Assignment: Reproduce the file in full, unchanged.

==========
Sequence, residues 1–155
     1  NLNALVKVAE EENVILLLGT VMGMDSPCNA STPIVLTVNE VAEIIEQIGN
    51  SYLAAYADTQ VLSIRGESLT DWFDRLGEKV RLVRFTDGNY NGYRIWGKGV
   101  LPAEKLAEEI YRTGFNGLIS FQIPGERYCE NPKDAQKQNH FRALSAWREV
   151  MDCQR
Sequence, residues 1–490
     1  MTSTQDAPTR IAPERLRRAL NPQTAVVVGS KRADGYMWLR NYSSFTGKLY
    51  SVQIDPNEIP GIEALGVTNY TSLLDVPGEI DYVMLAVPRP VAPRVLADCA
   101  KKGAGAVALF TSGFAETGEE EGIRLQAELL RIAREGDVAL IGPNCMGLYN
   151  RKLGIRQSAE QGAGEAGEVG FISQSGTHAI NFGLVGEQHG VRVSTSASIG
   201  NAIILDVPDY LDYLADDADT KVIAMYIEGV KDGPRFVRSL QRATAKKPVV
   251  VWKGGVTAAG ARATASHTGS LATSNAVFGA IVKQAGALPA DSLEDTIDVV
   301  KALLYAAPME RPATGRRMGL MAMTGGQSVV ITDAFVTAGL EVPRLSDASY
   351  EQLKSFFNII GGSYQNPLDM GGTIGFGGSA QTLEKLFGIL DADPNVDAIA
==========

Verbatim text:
Sequence, residues 1–155
     1  NLNALVKVAE EENVILLLGT VMGMDSPCNA STPIVLTVNE VAEIIEQIGN
    51  SYLAAYADTQ VLSIRGESLT DWFDRLGEKV RLVRFTDGNY NGYRIWGKGV
   101  LPAEKLAEEI YRTGFNGLIS FQIPGERYCE NPKDAQKQNH FRALSAWREV
   151  MDCQR
Sequence, residues 1–490
     1  MTSTQDAPTR IAPERLRRAL NPQTAVVVGS KRADGYMWLR NYSSFTGKLY
    51  SVQIDPNEIP GIEALGVTNY TSLLDVPGEI DYVMLAVPRP VAPRVLADCA
   101  KKGAGAVALF TSGFAETGEE EGIRLQAELL RIAREGDVAL IGPNCMGLYN
   151  RKLGIRQSAE QGAGEAGEVG FISQSGTHAI NFGLVGEQHG VRVSTSASIG
   201  NAIILDVPDY LDYLADDADT KVIAMYIEGV KDGPRFVRSL QRATAKKPVV
   251  VWKGGVTAAG ARATASHTGS LATSNAVFGA IVKQAGALPA DSLEDTIDVV
   301  KALLYAAPME RPATGRRMGL MAMTGGQSVV ITDAFVTAGL EVPRLSDASY
   351  EQLKSFFNII GGSYQNPLDM GGTIGFGGSA QTLEKLFGIL DADPNVDAIA